Once again we see that addictive cravings may be on the same continuum with regular everyday cravings given the same advice is offered to eliminate them.  The idea is to not react when craving arises, but to turn mindfulness upon it. Mindfulness leads to wisdom and wisdom is the tool that cut all dysfunctional behavior.

I find that not feeding my cravings only makes them stronger:  what I resists persists.  This perhaps supports Master Culadasa’s point that the task of removing cravings is appropriate after first path has been reached.  I feel like I am weak-willed, but the truth is I’m simply powerless to make the change at this stage.  The power to make the change is given by the wisdom obtained in spiritual practice leading up to second path.  Not only are we given power at that time, but also the motivation and desire to eradicate cravings.



There are five obstacles to spiritual progress.  These obstacle were originally taught to me as the obstacles to meditation, but they can equally apply to anything we want to achieve in our lives.

  1. Doubt
  2. Not wanting to do it (aka laziness)
  3. Attraction to other things like drug of choice or worldly things
  4. Resentments, ill will, aversions
  5. Worry, restlessness, distractions


Doubt can take two forms.  First, it can be doubt as to whether what you are going to do is possible.  For instance, is enlightenment really possible? Does this method really work?  Or on a more mundane level – is it really possible for someone to start their own business and succeed?

Second, one can have doubt regarding their personal capabilities.  For instance, will it work for me?  Others have gotten enlightened, but I am capable of doing it too?  Or, others are successful at business, but maybe I do not have what it takes.

The remedy for doubt is to get more information.  Read about what you are going to do.  Talk to people that are doing it and/or have done it.  Try it as an experiment to see if it might work.  Also consider other options.  If you don’t do it, how will your life be?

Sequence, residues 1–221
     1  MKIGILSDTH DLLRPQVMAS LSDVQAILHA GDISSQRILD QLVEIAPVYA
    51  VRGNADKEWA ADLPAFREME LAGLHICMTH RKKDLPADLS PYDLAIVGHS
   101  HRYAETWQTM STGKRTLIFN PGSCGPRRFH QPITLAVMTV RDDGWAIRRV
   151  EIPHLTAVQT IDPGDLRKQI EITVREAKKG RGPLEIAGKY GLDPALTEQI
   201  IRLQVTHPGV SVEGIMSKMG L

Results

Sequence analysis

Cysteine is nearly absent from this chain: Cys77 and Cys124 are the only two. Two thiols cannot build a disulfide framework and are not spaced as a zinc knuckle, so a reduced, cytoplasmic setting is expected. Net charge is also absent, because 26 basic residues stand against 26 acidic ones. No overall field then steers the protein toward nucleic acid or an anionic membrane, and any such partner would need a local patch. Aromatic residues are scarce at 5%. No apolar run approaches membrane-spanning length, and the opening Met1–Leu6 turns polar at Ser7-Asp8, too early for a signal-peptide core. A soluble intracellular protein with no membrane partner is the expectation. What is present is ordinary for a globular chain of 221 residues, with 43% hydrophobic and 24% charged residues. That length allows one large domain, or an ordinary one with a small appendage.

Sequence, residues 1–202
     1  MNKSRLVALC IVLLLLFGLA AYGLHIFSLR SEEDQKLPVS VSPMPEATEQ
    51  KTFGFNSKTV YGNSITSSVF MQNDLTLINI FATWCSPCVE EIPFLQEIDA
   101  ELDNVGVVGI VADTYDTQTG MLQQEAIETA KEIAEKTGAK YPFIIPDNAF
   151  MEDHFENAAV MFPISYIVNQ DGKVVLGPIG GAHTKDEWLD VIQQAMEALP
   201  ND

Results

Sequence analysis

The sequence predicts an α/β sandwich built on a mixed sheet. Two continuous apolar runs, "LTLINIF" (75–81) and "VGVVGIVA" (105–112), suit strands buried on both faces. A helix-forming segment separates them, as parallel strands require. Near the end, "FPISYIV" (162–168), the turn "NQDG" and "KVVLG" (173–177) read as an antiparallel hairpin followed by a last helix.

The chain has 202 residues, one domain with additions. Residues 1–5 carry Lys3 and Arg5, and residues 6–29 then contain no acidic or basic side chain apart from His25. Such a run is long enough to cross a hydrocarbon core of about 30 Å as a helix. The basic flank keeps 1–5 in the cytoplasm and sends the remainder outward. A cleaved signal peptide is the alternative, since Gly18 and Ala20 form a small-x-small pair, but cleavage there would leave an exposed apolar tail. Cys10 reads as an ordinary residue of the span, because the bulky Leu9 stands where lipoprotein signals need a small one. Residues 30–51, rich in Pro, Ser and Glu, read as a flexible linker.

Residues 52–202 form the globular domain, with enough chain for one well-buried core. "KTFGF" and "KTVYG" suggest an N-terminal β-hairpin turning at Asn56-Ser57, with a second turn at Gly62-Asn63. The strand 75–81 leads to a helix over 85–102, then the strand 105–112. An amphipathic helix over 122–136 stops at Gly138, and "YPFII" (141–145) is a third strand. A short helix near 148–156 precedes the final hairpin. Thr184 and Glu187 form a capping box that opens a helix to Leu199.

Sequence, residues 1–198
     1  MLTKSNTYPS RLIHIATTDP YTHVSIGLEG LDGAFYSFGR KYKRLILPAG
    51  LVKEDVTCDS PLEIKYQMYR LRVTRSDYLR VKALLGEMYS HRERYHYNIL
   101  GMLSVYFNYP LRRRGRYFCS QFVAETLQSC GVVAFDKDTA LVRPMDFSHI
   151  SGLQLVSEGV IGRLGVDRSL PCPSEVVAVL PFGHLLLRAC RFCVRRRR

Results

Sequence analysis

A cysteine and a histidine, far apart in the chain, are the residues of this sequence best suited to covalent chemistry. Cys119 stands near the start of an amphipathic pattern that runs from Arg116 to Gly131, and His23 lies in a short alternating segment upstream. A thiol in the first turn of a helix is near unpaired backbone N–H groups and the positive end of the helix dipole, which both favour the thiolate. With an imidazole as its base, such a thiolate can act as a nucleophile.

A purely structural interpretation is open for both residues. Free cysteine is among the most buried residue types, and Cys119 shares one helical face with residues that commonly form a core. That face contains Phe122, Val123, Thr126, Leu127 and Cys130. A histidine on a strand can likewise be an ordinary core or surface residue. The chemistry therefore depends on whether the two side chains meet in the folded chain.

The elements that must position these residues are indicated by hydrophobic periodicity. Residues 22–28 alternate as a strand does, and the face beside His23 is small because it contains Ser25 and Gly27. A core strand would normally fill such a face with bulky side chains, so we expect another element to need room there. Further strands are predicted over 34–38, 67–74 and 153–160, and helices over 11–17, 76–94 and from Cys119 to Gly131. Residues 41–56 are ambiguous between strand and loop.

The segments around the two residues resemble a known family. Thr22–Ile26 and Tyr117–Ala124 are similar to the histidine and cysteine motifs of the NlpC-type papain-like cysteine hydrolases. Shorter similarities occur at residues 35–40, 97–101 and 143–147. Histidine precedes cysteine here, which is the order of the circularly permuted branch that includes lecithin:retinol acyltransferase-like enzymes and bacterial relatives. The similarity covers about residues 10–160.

Considering your other options is also a good antidote for not wanting to do what would ultimately be for your highest good.  If you want to be healthy, but keep eating food that makes you fat or sick then you encountering the obstacle of “laziness”.  The antidote is to contemplate what you really want in your life.  Think about what will happen if you get what you want as compared to the result if you don’t make the change.  When it comes to healthy eating think about being vibrant in your later years as opposed to having a stroke, heart attack and lying in bed recuperating.  (Post on death meditation may be helpful.)

The remedies for the other obstacles are similar.  Focus on what you want and what will bring you what you want.  Turn your back on the activities and things that will not bring you what you want.  Keep your resolve strengthened by contact with people with similar goals and by reading about what you want.

Finally, be gentle with yourself.  Sometimes knowing is not the same as doing.  We are not our subconscious mind, but the habits and beliefs that reside in our subconscious are influencing everything we do.  Part of the path is loving ourselves without judgment.  We move to take right action without making anyone or anything wrong – including ourselves.